> seamlessly with little or no disruption to the loads within the 
> microgrid (e.g., in the CERTS Microgrid concept, no impacts on power 
> quality). Then, when the utility grid returns to normal, the microgrid 
> automatically resynchronizes and reconnects itself to the grid, in an 
> equally seamless fashion. A critical feature of the CERTS Microgrid is 
> its presentation to the surrounding distribution grid as a single 
> self-controlled entity. A CERTS Microgrid appears to the grid as 
> indistinguishable from other customer sites that do not include DER. 
> This presentation means that the microgrid avoids many of the current 
> concerns associated with integrating DER, such as how many DER the 
> system can tolerate before their collective electrical impact begins 
> to create problems like excessive current flows into faults and 
> voltage fluctuations. The peer-to-peer concept insures that no single 
> component, such as a master controller or a central storage unit, is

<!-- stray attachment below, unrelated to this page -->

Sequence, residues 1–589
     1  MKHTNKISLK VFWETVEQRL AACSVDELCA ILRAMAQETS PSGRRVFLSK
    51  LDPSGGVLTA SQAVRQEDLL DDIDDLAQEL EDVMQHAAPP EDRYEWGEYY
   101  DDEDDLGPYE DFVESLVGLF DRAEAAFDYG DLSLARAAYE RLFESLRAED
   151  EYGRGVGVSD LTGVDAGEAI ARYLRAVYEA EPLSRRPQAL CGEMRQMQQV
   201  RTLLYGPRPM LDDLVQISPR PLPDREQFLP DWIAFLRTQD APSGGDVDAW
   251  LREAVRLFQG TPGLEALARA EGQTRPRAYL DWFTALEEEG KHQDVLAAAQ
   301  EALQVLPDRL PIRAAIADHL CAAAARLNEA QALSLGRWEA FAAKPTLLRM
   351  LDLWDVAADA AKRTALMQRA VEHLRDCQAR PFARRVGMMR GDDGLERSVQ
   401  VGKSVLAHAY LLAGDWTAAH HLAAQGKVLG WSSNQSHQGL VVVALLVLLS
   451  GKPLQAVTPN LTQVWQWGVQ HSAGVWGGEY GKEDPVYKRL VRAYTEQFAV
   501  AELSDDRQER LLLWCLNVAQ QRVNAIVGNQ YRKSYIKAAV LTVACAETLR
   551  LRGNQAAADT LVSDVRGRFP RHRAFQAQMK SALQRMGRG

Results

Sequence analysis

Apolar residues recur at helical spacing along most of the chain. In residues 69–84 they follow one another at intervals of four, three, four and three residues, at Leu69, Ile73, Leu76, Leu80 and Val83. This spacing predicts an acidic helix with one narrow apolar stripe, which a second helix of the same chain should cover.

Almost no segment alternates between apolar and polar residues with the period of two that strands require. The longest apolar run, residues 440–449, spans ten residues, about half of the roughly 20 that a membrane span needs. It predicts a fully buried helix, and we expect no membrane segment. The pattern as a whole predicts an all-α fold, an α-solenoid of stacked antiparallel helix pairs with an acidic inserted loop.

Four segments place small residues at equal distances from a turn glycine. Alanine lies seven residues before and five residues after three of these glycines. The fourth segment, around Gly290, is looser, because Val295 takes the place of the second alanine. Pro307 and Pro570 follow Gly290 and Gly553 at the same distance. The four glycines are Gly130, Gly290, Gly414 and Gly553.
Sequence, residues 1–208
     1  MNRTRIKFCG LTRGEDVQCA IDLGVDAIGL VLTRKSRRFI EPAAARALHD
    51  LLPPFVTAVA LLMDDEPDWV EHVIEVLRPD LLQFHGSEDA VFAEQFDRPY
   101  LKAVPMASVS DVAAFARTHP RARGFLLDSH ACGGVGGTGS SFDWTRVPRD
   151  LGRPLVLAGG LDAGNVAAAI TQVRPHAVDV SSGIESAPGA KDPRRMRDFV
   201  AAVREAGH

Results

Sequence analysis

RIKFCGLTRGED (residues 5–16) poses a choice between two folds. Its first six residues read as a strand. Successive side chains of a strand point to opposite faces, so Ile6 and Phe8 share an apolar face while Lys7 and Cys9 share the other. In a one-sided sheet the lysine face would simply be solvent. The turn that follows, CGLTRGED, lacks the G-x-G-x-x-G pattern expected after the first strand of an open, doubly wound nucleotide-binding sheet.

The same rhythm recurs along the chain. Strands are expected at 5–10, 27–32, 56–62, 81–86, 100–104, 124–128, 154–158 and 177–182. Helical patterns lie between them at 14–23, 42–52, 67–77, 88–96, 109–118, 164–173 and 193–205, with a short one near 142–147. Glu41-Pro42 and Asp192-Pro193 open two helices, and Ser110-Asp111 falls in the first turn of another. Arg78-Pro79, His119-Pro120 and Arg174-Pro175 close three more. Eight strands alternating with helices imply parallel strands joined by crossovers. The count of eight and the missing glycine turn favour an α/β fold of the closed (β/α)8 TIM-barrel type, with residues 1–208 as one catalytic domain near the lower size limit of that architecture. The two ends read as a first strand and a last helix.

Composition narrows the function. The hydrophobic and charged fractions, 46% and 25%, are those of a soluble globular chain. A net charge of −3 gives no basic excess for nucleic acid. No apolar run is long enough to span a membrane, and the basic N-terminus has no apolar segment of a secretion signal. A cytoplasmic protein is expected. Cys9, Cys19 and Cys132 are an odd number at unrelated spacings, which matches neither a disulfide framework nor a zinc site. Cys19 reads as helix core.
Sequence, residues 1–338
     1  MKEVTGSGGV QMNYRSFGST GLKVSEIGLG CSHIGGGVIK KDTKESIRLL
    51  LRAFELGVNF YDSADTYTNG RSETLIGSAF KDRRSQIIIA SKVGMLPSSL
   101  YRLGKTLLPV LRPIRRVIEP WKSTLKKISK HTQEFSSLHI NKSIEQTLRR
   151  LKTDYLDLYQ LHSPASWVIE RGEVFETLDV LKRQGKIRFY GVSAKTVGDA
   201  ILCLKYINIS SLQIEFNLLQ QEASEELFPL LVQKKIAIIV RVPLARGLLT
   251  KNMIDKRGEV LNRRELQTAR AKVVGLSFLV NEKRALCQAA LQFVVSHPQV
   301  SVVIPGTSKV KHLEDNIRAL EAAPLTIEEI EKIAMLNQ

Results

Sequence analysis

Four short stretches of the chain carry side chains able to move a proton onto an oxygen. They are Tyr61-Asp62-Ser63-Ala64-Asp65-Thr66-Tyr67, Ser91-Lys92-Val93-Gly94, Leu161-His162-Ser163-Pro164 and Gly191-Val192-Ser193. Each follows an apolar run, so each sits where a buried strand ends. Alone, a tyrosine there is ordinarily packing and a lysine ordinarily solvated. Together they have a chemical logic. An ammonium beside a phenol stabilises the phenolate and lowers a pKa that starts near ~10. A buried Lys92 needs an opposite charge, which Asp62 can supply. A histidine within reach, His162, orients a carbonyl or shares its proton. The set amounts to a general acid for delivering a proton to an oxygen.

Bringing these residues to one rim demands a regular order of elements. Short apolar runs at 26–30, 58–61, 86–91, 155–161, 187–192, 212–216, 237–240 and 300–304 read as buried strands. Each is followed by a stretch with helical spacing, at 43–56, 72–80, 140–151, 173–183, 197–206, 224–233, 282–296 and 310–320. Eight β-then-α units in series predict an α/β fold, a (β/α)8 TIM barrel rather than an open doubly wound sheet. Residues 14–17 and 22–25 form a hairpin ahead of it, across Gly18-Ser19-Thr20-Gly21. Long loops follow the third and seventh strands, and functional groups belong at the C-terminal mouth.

> required for operation of the microgrid. Therefore, by its very 
> design, the CERTS Microgrid can continue operating with loss of an 
> individual component or generator.
> >From http://www.electricdistribution.ctc.com/microgrids.htm
> http://www.electricdistribution.ctc.com/pdfs/Microgrid_Assessment_Phase_1.pdf 
> : (slide 4, also more detail at slides 9-11)
> No clear definition, but characteristics include ability to operate 
> 'islanded' or 'grid parallel', and to switch seamlessly between these 
> two modes, and to include significant DER capacity; driven by DER 
> technology rather than by energy service requirements.
> http://green.venturebeat.com/2009/10/29/microgrids-a-21b-market-in-the-making/
> Smaller-scale electrical systems spanning college campuses, 
> municipalities and business parks, where energy is generated, stored 
> and very closely managed on an intensely local level. Without being 
> hooked into one of the larger national grids, there are less likely to 
> be disruptions due to peak demand or excessive power loads. Easier to 
> do DR. Can store enough energy to keep power flowing during blackouts 
> or other disruptions. This makes them ideal for emergency services, 
> hospitals, and of course, the military.

Rish Ghatikar
Lawrence Berkeley National Laboratory
1 Cyclotron Road, MS: 90-3111, Berkeley, CA 94720
GGhatikar@lbl.gov | +1 510.486.6768 | +1 510.486.4089 [fax]